Hamill was substituted against the Kangaroos and ruled out of this week’s game due to AFL protocols but was running on Wednesday and “tracking well”.
Star Rory Laird copped a shoulder knock in training and was fine to face Melbourne.
Trade watch: What could Crows land in a Crouch deal?
- Simeon Thomas-Wilson
Former Adelaide recruiting manager Matt Rendell says Matt Crouch should request a trade from the Crows at the end of the season, and could fetch a third-round draft pick in return.
Crouch, an All-Australian and Malcolm Blight Medallist in 2017, was dropped by the Crows for the second time in two months for Adelaide’s win over North Melbourne on Sunday.
The 27-year-old had 42 disposals, 10 clearances, six tackles and a goal for the Crows in the SANFL on Saturday.
On Monday Adelaide forward’s coach James Rahilly was coy on whether Crouch would return to the Crows side to take on Melbourne after his big day out in the SANFL.
“Yeah possibly, he played a good game,” Rahilly said.
“He plays at that level really well.
“I think Crouchie is still a very important part of what we are but we will have some chats during the week.
“In his game he actually kicked the ball inside 50 and kicked a goal as well.
“So I think he is doing what we are asking so he is a chance.”
Following Crouch’s omission from the Crows side, former Carlton and Adelaide player Bryce Gibbs recommended that his former teammate should leave West Lakes – saying it reminded him of his final season in 2020.
Crouch still has a year left on his two-year contract signed last year, after he missed the season through injury and was not able to get a big offer from a rival club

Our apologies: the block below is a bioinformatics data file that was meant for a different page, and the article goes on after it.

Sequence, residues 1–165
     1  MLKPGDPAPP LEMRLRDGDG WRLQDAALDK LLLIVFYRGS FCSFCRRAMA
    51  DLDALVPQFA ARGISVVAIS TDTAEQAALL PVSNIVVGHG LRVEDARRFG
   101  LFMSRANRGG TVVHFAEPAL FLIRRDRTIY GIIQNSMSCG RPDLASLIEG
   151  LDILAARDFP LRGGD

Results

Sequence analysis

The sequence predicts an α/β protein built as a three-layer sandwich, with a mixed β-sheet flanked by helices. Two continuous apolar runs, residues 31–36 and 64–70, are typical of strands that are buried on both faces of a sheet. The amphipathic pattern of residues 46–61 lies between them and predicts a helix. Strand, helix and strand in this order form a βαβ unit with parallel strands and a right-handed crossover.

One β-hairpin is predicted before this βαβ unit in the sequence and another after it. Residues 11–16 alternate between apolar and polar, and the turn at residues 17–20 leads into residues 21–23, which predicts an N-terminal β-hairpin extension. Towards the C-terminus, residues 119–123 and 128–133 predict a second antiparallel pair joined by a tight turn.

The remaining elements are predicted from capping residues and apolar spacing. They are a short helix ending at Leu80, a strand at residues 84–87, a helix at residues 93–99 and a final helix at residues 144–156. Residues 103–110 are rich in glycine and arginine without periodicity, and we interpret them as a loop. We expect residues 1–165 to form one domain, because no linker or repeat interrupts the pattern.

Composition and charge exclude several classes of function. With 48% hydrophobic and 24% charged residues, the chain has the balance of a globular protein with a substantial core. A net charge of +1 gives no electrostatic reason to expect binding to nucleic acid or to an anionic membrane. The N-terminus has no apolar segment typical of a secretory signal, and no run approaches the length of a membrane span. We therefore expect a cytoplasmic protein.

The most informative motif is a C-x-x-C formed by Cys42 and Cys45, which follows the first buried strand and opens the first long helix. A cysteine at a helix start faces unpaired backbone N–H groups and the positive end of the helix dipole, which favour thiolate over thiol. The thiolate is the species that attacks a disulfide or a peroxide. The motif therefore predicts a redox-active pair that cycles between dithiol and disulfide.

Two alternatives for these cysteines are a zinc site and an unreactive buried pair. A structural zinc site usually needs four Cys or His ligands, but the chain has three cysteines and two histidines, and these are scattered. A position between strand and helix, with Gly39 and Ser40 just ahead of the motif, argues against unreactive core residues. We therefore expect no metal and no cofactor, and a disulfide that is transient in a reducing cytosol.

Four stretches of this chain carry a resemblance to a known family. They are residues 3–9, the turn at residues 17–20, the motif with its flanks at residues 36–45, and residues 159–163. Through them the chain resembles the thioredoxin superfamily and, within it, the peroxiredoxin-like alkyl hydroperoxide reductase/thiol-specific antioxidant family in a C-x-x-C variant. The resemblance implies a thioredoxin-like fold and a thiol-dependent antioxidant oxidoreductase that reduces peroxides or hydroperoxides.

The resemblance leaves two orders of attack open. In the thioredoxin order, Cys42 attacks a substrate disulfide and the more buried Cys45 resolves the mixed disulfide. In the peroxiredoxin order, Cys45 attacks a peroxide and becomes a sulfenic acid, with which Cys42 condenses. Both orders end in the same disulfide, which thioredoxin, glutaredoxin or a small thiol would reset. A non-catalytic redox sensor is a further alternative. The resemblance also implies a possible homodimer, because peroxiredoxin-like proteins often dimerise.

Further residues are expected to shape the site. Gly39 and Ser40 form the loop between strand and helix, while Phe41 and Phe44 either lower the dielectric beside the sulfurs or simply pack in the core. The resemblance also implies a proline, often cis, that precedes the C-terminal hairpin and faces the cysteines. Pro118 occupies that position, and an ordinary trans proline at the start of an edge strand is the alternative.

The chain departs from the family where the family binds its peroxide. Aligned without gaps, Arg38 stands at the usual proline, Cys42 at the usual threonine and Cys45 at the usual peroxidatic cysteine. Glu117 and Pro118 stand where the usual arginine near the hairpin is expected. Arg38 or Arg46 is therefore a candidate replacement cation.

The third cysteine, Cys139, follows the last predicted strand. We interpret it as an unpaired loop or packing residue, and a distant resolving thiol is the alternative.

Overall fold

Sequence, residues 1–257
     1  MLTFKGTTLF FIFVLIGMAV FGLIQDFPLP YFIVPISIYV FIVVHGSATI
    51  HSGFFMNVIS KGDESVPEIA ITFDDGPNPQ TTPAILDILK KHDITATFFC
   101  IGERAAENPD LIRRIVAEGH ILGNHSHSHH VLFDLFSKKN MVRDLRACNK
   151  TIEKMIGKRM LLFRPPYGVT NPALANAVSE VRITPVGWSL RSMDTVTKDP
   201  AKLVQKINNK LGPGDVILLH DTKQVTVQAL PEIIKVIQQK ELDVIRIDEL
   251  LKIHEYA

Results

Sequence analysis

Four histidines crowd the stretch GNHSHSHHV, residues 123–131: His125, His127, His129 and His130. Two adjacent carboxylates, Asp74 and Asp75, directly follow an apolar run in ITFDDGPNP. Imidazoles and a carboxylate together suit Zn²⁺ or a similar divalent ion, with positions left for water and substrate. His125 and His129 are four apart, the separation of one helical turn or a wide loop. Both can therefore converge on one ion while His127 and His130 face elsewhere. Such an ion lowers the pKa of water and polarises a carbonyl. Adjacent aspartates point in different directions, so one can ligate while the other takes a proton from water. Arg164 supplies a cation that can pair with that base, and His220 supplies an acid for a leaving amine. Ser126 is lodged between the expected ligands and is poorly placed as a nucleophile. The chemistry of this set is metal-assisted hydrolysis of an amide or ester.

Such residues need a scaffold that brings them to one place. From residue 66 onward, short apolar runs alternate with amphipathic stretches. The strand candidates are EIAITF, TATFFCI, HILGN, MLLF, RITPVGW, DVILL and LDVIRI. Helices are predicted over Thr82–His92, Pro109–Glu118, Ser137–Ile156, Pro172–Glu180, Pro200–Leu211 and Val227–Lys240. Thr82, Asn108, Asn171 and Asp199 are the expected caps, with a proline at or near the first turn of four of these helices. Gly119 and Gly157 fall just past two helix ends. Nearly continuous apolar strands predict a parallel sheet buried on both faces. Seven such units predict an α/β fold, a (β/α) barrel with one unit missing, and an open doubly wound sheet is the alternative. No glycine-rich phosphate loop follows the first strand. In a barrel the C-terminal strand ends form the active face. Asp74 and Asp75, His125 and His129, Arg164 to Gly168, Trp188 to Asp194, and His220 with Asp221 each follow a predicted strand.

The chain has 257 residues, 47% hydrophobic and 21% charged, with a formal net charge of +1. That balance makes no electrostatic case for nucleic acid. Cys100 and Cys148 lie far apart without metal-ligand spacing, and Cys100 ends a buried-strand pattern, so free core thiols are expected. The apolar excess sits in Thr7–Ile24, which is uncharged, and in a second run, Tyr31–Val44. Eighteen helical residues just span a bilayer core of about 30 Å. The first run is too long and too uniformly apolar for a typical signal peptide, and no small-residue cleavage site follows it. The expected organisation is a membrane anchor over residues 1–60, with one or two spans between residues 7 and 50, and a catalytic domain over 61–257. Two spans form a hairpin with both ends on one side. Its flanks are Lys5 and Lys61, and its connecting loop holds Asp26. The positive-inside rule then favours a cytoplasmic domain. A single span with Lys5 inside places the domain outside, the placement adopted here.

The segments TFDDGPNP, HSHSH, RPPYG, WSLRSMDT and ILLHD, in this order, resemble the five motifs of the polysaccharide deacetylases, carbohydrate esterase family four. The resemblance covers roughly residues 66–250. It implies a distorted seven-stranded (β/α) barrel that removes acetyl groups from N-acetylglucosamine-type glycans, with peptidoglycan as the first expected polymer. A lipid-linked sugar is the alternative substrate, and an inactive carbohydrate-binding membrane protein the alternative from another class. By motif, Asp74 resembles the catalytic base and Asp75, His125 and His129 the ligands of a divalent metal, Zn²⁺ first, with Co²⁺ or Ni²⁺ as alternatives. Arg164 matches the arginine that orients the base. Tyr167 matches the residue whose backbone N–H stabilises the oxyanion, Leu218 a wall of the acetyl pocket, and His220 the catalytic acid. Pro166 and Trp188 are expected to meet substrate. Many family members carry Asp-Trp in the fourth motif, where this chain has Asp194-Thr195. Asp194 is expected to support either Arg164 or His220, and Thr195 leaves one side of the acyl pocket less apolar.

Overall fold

Rendell, who was also a recruiter for Collingwood, told The Advertiser that Crouch needed to leave West Lakes.
“I know he has a year of his contract to go but he should be asking for a trade and I think the Crows should be happy to let him go,” he said.
“What they have done over the past couple of years is draft a lot of inside mid players who are the same as he is.
“But where they are in their rebuild when they start knocking on the doors of finals on a regular basis, which might be next year, the year after or the year after that he is going to be superfluous for their needs.
“(Ben) Keays is going to play, (Rory) Laird is going to play, (Rory) Sloane will come back next year, you have (Sam) Berry and (Luke) Pedlar, you have (Jackson) Hately who is an inside mid playing on a wing and (Brayden) Cook as well.
“You need to play those young players, you need to look to their future and they are probably three to five years away from being a regular finals team.
“So he isn’t a part of their future, I think trade him out, he should want to go.”
Adelaide has been hoping for more penetration from Crouch with his ball use, but Rendall said in the right team the ex All-Australian could fill a big hole.
“I reckon his greatest attribute is that he is always there to help out a teammate when they get in trouble,” he said.
“He is always there to get a handball receive, he tracks the ball really well.
“He uses it OK, he doesn’t go far, they are small kicks, sideways kicks and dickey handballs but I love a player in my team who helps you get out of trouble like Tom Mitchell at Hawthorn for example.”
Rendall said the Crows might be able to get a third-round pick for Crouch.
“A club who needs an inside mid should definitely look at him,” he said.
“His SANFL form is outstanding, he is too good for the SANFL. He just needs to find the right fit and the right club.”
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After he was dropped Crouch told Channel 10 that he “was quite frustrated at it” after the “unexpected” omission.
Rendall said Crouch would probably have to sacrifice some salary to try and get a two-year deal at a new club.
Originally published as AFL 2022: Adelaide recalls Riley Thilthorpe for key forward role against premiers